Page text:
• Interview target customers about which of the potential USPs best meets their needs.

Brainstorm possible advantages

Here are some of the methods businesses use to develop a USP. Some are more obvious than others. You can have more than one of course! The more the merrier.

  • The cheapest
    It’s not always the best tactic for healthy margins, but there is a market for demonstrating that you’re cheaper than everyone else. Try and back this up with why. Good reasons; sourced cheaper materials, deliver faster, buy in bulk, better systems and more efficient. Bad reasons; sourced poorer quality materials, employ under-qualified staff so pay lower wages, run-down location.
  • Focus on a niche
    If you can find a market niche and prove that you know more than anyone about the industry, it will help demonstrate a USP. No-one can exactly copy you (not yet anyway).
  • Quality of delivery
    Think about the quality of your products or services. Will your products last longer than your rivals? Do you have an exclusive license or a patent? Do you have superior after-sales service? Are you the most reliable?
  • Innovation
    List areas where your business is superior in terms of innovation and creativity. How are your products or services unique? Do you hold an extensive portfolio of intellectual property assets? Highlighting innovation could differentiate your business from its competitors.
  • Location
    If you have a great location (unless the competition burns you down) it’s hard to move you out. Make sure you protect your lease by negotiating longer terms, or rights of renewal way in advance of any lease expiration. If you own your own premises you remove any threat of having to move.
  • Unique or exclusive contracts
    You have an advantage if you can source products or deliver services that the competition cannot. For example, you’re importing products from an overseas supplier that promises to only supply your business or you have a contract of work that has you as the only provider.
  • It’s easy to be paid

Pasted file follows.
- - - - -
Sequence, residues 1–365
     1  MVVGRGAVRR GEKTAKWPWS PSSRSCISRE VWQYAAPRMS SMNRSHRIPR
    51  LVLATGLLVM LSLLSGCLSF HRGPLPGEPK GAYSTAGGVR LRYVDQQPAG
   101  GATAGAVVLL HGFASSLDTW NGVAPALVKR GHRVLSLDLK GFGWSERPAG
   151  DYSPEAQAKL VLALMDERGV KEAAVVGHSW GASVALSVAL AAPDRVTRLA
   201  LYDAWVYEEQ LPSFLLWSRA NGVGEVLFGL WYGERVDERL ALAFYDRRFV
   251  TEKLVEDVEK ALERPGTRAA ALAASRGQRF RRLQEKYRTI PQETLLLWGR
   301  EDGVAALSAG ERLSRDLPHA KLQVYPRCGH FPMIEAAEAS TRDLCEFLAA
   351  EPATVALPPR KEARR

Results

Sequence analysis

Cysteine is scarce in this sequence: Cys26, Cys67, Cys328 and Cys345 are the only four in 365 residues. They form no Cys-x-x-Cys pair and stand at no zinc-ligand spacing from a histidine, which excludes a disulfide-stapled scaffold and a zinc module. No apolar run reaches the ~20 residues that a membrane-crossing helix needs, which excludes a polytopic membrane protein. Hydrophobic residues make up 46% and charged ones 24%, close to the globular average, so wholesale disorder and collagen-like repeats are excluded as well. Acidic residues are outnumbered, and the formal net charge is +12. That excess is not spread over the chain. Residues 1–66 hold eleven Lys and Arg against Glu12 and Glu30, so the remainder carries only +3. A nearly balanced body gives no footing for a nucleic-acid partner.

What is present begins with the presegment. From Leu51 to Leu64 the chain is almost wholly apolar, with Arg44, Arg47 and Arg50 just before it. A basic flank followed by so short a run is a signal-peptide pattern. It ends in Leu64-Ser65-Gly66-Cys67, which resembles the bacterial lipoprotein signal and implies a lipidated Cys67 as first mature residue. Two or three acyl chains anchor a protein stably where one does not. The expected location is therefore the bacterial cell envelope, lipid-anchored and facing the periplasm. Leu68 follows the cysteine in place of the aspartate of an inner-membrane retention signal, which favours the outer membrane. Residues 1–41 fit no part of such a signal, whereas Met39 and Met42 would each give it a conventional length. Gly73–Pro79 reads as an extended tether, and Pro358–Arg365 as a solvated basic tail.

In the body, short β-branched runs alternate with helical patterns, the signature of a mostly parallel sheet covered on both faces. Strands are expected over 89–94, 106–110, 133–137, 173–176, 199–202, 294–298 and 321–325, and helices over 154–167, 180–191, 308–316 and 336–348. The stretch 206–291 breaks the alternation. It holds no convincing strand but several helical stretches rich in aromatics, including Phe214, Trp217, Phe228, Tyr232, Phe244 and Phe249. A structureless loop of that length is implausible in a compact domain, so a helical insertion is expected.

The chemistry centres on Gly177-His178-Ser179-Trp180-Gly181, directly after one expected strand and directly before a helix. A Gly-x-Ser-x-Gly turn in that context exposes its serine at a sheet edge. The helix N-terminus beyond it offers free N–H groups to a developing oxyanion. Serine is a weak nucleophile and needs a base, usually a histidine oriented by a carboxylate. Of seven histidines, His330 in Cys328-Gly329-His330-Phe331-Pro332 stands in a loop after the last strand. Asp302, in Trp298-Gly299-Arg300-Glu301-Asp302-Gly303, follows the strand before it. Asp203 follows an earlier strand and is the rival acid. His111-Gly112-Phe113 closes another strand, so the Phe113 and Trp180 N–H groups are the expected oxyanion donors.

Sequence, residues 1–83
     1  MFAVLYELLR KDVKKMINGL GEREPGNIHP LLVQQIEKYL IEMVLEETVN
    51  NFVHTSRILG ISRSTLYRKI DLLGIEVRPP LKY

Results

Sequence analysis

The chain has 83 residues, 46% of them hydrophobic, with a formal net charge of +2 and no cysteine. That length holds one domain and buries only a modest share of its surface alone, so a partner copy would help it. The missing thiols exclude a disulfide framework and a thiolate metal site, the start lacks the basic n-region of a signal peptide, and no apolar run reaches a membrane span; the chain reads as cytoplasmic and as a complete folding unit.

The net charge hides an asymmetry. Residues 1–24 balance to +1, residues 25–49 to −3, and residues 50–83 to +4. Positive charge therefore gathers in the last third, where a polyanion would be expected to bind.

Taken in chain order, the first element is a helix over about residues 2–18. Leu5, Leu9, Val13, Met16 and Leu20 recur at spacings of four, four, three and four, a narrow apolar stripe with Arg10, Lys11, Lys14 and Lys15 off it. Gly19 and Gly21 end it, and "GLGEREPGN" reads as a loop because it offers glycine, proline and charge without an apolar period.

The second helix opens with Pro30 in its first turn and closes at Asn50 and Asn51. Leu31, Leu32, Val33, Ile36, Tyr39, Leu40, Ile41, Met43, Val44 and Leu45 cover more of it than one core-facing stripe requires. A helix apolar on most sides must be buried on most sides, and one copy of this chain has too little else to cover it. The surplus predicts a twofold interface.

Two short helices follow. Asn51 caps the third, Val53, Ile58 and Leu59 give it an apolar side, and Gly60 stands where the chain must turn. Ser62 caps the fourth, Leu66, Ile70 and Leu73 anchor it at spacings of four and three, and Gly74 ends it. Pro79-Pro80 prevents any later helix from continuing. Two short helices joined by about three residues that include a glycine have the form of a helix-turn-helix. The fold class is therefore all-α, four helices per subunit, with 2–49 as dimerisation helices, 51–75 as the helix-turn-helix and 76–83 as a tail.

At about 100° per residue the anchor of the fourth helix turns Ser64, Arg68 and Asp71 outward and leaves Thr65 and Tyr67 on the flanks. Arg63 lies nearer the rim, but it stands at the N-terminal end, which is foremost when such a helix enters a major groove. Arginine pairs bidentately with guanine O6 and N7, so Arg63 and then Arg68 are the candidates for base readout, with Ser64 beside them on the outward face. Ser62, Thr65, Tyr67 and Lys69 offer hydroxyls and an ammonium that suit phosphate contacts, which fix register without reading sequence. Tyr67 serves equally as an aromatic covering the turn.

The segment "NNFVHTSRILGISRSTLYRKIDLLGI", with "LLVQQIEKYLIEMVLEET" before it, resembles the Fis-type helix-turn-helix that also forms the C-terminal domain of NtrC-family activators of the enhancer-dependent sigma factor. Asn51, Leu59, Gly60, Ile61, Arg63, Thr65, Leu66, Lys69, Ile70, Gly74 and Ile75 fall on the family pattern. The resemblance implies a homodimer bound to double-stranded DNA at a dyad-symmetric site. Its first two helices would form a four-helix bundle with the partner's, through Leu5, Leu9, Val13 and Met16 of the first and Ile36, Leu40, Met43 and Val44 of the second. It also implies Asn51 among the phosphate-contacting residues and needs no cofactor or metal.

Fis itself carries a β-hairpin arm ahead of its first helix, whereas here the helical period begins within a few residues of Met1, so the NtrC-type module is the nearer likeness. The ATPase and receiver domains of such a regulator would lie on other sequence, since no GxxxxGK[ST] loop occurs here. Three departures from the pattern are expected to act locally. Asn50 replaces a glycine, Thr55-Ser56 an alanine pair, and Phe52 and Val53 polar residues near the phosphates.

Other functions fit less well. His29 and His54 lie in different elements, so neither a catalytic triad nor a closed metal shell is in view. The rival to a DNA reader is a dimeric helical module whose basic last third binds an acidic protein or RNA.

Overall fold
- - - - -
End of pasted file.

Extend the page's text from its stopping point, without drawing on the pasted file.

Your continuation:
The more options you offer your customers for making payments, the better your competitive advantage will be. Being able to use mobile technology and online payments are what customers are looking for. Plus, if you’re offering a service-based business and your customers can pay on the spot, that’s going to improve your cash flow.
  • Online community or following
    Build up an online following from commenting in social media, blogging, talking at events and being known as a thought leader in your industry.
  • Unique or exclusive product
    You have an advantage if you can source products or deliver services that the competition cannot. If you’re competing against larger or similar businesses, can you establish a reputation for unique products people can’t find anywhere else?
  • First to market
    If you’re lucky enough to have developed something new then you can often be ‘first to market’ and take advantage of the initial surge in demand and be known as the ‘original’ version. Yes, this means competitors will be hard on your heals, so you’ll need more than one USP.
  • Environmentally friendly
    More businesses are successfully competing on their environmental record. Whether it’s using organic or recycled materials, having clear staff policies on reducing waste, sponsoring country-wide events or focused on building a sustainable world.
  • Local
    It could be an advantage to demonstrate that you are a locally based business, employing local people and using local suppliers.
  • Better supplier relationships